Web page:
Since I'm already on the subject of Detroit, I'll just mention how much fun I've been having catching up with one of the city's favorite, um, sons: Alice Cooper. I know what I've said about geezer rock and geezer concerts, but for Coop I'd make the exception. He's always known how to put on a good show, and if his latest albums are any indication his ascent as Shock Rock's Elder Statesman does not bespeak an inability to entertain.
I've been giving his last three albums — Dragontown, The Eyes of Alice Cooper, Dirty Diamonds — more than their due of airplay. They represent an interesting musical transformation. Dragontown is a concept album decked out in contempo-gothic trappings, an attempt by Alice to prove his currency among rabble-rousers like Marilyn Manson and Rob Zombie. It's likeable enough, in its Hieronymous - Bosch - does - a - comic - book way; Cooper evokes both chills and chuckles with his portraits of damned souls (I particularly enjoy "It's Much Too Late," the lament of a pious doofus who can't figure out which god he's managed to offend).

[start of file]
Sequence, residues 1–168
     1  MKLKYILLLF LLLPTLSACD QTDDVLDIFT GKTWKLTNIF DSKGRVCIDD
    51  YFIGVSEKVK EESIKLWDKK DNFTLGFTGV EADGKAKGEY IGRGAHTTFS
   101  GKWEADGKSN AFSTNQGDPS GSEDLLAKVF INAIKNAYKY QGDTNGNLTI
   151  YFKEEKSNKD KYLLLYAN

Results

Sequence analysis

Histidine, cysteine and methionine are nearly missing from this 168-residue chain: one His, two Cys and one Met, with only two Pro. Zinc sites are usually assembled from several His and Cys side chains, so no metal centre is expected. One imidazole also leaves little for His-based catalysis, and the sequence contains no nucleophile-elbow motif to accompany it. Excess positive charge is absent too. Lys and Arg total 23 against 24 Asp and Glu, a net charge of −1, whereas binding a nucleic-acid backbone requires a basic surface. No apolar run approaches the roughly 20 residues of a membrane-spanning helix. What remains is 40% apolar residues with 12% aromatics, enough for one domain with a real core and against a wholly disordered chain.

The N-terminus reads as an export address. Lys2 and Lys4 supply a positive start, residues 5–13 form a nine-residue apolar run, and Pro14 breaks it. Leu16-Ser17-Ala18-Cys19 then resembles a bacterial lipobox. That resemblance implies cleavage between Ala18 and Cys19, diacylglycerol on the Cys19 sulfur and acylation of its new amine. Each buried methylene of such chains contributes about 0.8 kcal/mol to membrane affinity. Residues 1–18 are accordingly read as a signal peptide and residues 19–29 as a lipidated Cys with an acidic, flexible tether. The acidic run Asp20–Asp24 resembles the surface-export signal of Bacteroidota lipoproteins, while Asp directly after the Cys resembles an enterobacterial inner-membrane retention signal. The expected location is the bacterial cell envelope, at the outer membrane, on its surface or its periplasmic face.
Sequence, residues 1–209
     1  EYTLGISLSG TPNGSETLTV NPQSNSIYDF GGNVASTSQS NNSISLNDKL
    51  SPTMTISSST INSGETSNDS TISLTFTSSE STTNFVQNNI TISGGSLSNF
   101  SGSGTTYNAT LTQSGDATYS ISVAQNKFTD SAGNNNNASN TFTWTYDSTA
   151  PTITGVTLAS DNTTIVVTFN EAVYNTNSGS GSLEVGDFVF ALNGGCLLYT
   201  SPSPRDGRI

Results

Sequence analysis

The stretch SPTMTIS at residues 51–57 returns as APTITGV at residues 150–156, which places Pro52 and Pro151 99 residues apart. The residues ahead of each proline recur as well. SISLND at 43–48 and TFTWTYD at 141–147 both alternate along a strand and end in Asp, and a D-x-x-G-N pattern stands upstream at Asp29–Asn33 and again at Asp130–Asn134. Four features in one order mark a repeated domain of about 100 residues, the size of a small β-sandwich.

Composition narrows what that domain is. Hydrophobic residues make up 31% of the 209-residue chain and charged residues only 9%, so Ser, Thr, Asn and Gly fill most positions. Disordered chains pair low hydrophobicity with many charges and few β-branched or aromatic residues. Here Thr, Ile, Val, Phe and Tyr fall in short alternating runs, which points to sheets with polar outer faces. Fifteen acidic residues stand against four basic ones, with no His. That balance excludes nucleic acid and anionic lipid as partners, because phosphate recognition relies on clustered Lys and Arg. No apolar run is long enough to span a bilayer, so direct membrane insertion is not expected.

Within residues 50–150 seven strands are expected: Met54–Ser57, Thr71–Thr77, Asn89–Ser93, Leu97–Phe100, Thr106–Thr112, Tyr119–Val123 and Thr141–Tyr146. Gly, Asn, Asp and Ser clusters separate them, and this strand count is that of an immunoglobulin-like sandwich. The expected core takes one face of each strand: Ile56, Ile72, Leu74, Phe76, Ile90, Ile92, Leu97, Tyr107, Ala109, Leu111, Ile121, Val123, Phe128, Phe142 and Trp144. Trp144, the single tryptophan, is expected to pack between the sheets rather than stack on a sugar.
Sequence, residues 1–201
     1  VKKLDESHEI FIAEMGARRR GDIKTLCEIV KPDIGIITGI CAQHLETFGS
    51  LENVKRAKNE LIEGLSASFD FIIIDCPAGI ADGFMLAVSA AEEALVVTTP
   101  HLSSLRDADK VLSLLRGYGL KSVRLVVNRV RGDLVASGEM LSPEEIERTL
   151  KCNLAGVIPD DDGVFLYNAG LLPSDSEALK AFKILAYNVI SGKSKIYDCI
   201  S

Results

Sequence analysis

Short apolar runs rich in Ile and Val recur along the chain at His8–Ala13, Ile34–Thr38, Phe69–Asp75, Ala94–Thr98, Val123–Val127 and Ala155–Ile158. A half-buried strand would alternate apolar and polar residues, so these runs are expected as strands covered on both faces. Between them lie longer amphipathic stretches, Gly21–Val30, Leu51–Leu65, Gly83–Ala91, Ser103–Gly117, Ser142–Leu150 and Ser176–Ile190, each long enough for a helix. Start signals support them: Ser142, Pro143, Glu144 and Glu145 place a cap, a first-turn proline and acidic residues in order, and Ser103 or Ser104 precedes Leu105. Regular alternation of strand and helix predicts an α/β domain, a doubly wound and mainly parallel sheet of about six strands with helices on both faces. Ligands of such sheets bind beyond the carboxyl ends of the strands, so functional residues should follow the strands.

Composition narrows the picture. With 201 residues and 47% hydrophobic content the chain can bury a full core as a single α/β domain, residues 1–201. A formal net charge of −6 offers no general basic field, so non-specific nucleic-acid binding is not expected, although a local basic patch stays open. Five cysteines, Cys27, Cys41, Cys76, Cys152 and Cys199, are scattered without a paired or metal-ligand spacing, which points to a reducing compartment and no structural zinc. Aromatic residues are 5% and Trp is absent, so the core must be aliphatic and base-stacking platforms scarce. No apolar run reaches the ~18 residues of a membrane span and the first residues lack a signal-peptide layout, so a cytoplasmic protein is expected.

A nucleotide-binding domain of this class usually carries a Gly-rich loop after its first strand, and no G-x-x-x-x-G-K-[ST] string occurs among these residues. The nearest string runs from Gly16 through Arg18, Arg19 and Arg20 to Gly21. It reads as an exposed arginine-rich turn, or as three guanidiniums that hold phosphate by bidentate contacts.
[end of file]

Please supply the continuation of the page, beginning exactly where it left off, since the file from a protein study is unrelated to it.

I like Eyes better, 'cos Cooper steps away from the kids in the sandbox and reasserts himself as a rowdy old man of rock and roll. He glories in trailer trash grandiosity ("What Do You Want From Me?", "Backyard Brawl"), acknowledges his age ("Between High School & Old School") then bangs the drum in praise of his pedigree (tearing up the stage with Ziggy and Iggy and the MC5, in "Detroit City"). Not all of the songs have traction, but the ones that do (particularly the three mentioned) really tear up the turf.
At this point I should admit I wouldn't have bothered with Coop at all if he hadn't posted these albums on eMusic, a subscription site that offers terrific value for your money — so long as you know what you're looking for. I found myself at the end of a month, staring at unused credits and unsure of what to try next. I downloaded Eyes, then liked it so much I went with the other two as well.
Of the bunch, Dirty Diamonds is the stand-out winner. Cooper struts from one tawdry platform to the next with absolute confidence, bringing his losers and goons to life and garnishing them with flourishes of wit that generate smiles without the burden of too much self-consciousness. In other words, it's a hoot: rev-engine rock & roll that allows the listener to forget his age for a few minutes as he squeezes out the last rep in the gym, or jumps around the living room with his daughters.
Yes, Detroit doesn't just outperform Toronto at hockey, it does so musically as well (with, perhaps, the sole exception of Rush).